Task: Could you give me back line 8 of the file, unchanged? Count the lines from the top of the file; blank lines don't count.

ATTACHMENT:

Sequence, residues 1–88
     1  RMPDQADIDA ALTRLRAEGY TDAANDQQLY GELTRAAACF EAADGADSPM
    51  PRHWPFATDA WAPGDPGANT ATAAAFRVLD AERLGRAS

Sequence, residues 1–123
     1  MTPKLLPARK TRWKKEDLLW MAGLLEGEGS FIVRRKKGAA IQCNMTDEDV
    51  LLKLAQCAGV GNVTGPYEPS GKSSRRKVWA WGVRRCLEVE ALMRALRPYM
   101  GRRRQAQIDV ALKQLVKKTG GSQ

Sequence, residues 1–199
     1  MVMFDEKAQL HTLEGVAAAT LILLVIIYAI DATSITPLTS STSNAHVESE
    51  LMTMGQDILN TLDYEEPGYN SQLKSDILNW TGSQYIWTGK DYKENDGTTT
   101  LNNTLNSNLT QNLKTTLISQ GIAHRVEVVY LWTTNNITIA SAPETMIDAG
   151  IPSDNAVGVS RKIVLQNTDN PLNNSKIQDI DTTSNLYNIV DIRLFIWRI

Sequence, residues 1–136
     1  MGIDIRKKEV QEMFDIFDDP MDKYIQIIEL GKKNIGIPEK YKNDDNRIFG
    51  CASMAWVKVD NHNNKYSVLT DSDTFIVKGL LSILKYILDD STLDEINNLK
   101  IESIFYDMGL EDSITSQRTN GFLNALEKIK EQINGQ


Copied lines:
Sequence, residues 1–199